PhD Defense: Reed Espinosa
TITLE: Comprehensive airborne in situ characterization of atmospheric aerosols: from angular light scattering to particle microphysics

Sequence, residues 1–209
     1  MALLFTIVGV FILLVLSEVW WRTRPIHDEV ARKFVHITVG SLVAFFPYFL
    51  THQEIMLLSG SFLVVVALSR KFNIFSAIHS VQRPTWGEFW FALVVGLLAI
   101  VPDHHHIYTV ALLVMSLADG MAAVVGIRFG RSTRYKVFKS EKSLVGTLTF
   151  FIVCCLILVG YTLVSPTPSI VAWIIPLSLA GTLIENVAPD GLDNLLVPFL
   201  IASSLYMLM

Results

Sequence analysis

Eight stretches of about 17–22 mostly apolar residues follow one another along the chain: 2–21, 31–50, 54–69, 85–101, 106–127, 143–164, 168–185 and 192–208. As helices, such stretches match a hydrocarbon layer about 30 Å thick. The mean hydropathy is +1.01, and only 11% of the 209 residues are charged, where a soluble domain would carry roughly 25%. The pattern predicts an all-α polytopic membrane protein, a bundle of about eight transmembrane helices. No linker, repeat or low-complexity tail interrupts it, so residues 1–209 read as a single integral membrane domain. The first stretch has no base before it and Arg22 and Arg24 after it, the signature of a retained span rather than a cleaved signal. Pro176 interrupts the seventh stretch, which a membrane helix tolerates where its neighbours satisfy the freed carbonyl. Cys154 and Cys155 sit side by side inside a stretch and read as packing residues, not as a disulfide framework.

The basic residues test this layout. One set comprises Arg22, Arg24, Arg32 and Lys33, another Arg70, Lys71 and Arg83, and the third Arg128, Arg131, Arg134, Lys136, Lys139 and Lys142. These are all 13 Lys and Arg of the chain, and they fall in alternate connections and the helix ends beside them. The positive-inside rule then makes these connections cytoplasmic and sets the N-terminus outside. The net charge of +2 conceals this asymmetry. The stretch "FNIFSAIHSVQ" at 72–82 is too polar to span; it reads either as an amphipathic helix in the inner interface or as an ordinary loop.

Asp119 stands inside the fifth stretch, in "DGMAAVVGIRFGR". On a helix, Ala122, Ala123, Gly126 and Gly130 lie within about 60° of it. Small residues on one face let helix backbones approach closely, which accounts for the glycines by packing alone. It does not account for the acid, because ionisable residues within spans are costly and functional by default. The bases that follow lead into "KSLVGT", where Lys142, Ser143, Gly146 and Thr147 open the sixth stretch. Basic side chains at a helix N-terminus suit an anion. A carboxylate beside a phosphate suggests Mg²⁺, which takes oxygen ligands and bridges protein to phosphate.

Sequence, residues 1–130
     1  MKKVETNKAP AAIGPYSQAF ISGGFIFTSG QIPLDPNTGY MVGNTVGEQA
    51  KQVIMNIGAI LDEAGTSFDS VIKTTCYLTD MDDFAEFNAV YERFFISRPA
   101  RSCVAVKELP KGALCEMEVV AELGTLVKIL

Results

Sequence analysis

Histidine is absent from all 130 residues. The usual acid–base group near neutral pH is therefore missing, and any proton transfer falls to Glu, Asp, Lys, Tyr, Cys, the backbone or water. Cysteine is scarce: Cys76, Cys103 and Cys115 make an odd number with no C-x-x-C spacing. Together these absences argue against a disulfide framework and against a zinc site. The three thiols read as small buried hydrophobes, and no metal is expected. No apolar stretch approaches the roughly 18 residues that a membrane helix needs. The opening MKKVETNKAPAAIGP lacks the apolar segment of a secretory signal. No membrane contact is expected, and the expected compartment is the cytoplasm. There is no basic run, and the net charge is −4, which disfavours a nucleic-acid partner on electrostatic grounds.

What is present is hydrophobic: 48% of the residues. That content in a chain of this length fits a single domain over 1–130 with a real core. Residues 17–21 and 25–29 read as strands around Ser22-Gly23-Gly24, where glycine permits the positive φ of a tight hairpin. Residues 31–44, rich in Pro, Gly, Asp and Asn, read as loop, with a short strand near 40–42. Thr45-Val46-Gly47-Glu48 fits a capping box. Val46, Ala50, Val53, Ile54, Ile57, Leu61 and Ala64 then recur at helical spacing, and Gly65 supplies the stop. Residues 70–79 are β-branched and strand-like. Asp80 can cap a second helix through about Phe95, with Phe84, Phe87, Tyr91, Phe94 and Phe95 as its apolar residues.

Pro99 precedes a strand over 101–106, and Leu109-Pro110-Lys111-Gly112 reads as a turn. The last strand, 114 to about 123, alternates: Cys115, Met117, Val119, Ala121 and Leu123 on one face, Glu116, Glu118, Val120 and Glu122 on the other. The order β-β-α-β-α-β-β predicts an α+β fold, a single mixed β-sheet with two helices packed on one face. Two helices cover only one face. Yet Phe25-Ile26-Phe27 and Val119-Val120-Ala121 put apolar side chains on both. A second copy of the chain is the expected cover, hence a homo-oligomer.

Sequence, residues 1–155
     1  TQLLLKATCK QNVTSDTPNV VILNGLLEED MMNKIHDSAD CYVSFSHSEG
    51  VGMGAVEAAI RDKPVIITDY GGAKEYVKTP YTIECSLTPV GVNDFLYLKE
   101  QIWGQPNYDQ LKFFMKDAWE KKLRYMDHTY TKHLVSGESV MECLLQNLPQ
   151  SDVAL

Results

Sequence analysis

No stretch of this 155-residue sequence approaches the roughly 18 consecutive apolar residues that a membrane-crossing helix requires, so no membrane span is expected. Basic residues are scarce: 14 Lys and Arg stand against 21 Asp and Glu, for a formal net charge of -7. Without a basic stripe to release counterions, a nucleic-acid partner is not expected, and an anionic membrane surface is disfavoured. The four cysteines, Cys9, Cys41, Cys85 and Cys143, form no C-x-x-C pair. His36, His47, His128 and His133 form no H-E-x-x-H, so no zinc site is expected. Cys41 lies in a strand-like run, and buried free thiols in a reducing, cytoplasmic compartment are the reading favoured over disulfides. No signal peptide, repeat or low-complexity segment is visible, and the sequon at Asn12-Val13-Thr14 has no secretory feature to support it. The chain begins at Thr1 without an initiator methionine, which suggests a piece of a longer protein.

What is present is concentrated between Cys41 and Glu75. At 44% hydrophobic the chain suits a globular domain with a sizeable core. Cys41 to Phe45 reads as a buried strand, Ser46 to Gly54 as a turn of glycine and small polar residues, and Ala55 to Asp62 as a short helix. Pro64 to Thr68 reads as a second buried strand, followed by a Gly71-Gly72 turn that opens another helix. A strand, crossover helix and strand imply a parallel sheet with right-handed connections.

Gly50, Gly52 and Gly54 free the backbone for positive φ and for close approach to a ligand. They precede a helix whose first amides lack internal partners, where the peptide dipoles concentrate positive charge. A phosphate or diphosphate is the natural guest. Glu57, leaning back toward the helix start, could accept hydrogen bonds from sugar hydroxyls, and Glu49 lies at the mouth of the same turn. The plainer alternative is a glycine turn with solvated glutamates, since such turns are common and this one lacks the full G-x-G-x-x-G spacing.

ABSTRACT: A comprehensive understanding of atmospheric aerosols is necessary both to understand Earth's climate as well as produce skillful air quality forecasts. In order to advance our understanding of aerosols, the Laboratory for Aerosols, Clouds and Optics (LACO) has recently developed the Imaging polar Nephelometer (I-Neph) instrument concept for the in situ measurement of optical scattering properties. Imaging Nephelometers provide measurements of absolute phase function and polarized phase function over a wide angular range, typically 3 to 177 degrees, with an angular resolution smaller than one degree. The first of these instruments, the Polarized Imaging Nephelometer (PI-Neph), has taken part in five airborne field experiments and is the only modern aerosol polar nephelometer to have flown aboard an aircraft. A method for the retrieval of aerosol optical and microphysical properties from I-Neph measurements is presented and the results are compared with existing measurement techniques. A synopsis is then presented of aerosol scattering measurements made by the PI-Neph during the Studies of Emissions and Atmospheric Composition, Clouds and Climate Coupling by Regional Surveys (SEA4CRS) and the Deep Convection Clouds and Chemistry (DC3) field campaigns. To better summarize these extensive datasets a novel aerosol classification scheme is developed to identify the different aerosol types measured during the deployments. This scheme makes use of ancillary data that includes gas tracers, chemical composition, aerodynamic particle size and geographic location, all independent of PI-Neph measurements. Principal component analysis (PCA) is then used to reduce the dimensionality of the multi-angle PI-Neph scattering data and the results are examined as a function aerosol type. Strong clustering is observed in the PCA score space, corresponding to the ancillary classification results, suggesting a robust link between the angular scattering measurements and the aerosol type or composition. Retrievals of the DC3 scattering data suggest the presence of a significant amount of mineral dust aerosol in the inflow of storms sampled during this campaign, with the quantity of dust depending strongly on the geographic location. The retrieved size distributions of all fine mode dominated aerosols were found to be remarkably similar among a range of aerosol types, including biomass burning, biogenic emissions as well as urban and industrial emissions. There were however consistent differences between the angular scattering patterns of biomass burning samples and the other fine mode cases, especially in the polarization signature of the scattered light. The GRASP retrieval attributed these differences almost entirely to a higher real refractive index in the case of the biomass burning samples. The work concludes with recommendations for improvements to the I-Neph design and data processing algorithm as well as suggestions for future analysis efforts involving I-Neph data sets.